Sexual Harassment: What If It Happened at Your Firm?

The associate is blushing. Her forehead glistens with sweat. “Lately Karl has been complimenting me a lot on my figure and my taste in clothes. It makes me feel uncomfortable.”

You’re the managing partner (or administrator) at this large firm. What do you say to these complaints about a partner? Maybe you confront the partner. But for the sake of our story, let’s say you don’t. “Really, Sarah, are a few compliments so terrible? Come on, be a good sport.”

“Law firms tend not to take sexual harassment complaints seriously enough,” according to Laurel Bellows, former chair of the ABA Commission on Women in the Profession. “Firms should investigate an employee’s complaint as meticulously as they would a client’s. But it’s the old adage: "The shoemaker’s daughter wears no shoes.”

Sexual Harassment Happens at Law Firms Too

Dr. Freada Klein, president of Klein Associates, has helped dozens of law firms resolve and prevent sexual harassment. “We surveyed lawyers who experienced harassment, bias or discrimination while working for their firms in the past year. About 60 percent were too afraid to complain.” Maybe the firm wouldn’t believe them. Or maybe it would leak their embarrassing story, and then coworkers would label them “the victim.” Or worse, the harasser might get them demoted. Partners could axe them from important projects. Maybe the harassers were also mentors. How many people would give up a valuable mentor, to dodge a few off-color remarks?

Going back to the example above, do you reassure yourself after Sarah leaves your office, thinking: “She’ll adjust to Karl’s compliments. Karl brings in more business than anyone else here. A smart lawyer like that isn’t going to set us up for a harassment suit!”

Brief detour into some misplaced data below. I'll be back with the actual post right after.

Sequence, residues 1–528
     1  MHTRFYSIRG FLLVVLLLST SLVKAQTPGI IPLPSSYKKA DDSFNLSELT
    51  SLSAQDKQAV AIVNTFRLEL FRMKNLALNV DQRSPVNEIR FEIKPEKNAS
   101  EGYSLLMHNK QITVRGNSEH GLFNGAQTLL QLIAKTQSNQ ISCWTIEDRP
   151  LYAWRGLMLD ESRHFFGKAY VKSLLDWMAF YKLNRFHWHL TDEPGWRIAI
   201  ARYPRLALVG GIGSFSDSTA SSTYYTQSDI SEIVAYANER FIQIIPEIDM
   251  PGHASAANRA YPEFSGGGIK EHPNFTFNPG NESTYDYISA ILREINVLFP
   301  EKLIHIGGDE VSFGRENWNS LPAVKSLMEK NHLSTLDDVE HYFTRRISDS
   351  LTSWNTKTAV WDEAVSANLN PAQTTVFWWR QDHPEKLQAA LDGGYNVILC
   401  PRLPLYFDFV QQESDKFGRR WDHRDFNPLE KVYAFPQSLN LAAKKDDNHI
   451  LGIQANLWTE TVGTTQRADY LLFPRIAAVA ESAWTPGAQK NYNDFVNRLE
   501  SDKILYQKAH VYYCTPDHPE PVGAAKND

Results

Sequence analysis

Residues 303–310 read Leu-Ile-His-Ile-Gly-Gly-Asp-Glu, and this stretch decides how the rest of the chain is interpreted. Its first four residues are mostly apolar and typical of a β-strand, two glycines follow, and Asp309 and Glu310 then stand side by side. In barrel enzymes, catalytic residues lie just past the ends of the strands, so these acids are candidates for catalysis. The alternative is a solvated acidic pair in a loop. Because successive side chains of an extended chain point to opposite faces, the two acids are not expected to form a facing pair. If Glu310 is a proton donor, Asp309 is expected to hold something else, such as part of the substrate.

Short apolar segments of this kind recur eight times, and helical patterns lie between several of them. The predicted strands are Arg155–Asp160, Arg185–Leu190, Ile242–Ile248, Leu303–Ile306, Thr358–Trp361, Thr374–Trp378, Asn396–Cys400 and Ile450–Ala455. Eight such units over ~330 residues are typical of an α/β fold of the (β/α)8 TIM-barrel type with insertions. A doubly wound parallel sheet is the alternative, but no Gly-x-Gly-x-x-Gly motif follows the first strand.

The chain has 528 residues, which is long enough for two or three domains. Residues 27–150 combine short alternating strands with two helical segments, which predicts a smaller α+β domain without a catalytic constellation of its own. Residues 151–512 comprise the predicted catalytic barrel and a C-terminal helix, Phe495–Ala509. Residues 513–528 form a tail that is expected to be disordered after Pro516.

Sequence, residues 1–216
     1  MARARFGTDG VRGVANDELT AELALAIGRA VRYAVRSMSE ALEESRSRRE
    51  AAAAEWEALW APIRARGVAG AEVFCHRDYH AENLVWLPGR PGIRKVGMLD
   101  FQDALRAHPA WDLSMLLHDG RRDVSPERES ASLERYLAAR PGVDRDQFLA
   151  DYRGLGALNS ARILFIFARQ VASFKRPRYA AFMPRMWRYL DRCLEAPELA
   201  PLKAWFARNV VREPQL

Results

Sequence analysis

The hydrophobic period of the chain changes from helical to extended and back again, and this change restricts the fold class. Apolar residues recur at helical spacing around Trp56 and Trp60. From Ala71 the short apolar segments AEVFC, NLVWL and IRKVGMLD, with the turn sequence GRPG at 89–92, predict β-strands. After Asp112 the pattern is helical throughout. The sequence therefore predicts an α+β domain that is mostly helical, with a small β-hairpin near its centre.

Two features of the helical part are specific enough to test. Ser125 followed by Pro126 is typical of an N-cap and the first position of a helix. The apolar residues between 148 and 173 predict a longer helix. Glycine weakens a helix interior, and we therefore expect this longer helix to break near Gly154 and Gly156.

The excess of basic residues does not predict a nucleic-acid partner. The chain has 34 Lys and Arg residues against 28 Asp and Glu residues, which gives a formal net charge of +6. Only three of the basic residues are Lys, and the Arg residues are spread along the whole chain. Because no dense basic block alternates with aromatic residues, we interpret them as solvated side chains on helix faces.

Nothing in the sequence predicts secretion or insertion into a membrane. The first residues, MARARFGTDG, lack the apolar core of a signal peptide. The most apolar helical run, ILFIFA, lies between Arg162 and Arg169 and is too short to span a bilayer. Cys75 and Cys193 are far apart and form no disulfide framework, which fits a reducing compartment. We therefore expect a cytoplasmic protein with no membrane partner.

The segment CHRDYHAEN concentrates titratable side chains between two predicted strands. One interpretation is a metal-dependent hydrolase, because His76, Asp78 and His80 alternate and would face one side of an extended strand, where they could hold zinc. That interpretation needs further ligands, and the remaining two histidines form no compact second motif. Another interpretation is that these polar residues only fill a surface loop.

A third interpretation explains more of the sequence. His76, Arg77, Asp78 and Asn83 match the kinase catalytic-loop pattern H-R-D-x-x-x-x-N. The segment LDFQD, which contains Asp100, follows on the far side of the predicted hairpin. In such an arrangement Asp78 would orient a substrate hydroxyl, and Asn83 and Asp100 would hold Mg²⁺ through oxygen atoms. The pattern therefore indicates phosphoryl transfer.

“Law firms often think they’re above the law,” Klein says. “Yet there’s even more sexual harassment in law firms than in Fortune 500 companies.” Klein has surveyed personnel: 17 percent of female attorneys — and 12 percent of support staff — said they’d been harassed in the past year. You’re no safer in a small firm than you are in a large one.

Are you ready to confront Karl, your firm’s best rainmaker?

What If a Senior Partner Is the Harasser?

Jonathan Vegosen — employment and labor lawyer at Funkhouser Vegosen Liebman & Dunn, Chicago — admits it can be tough to challenge a partner. “Firms may fear that a powerful partner might retaliate by taking business elsewhere or cutting a colleague’s compensation.” Vegosen has helped law firms prevent and deal with sexual harassment. He suggests you tell an offending partner: “None of us is above the law. While you’re an important member of this firm and you may control a lot of business, you still have to comply with the law. Because number one, sexual harassment is wrong. And number two, you could expose us to tremendous liability.”

But wait a minute. All Karl’s done is compliment Sarah’s clothes and figure. Is this enough reason to give a partner grief?

“About 75 percent of subtle sexual harassment escalates over time,” Klein says. Sexual jokes could turn into, “How does your husband turn you on in bed?” This year an associate might peer up his secretary’s dress as she climbs the stairs; next year he might chase her around his desk. Klein advises law firms to try to nip harassment in the bud, by investigating even subtle behavior.

Dating Relationships Between Coworkers

Should firms limit dating? “Firms ought to discourage consensual relationships between people of unequal power,” Klein says. She advises that you write this into your sexual harassment and conflict-of-interest policies. “Tell people that if they’re in a romantic relationship with a subordinate, they must disclose that to the managing partner or some other representative.” The person should recuse himself from any responsibility over the lover’s compensation, performance evaluation, or assignments.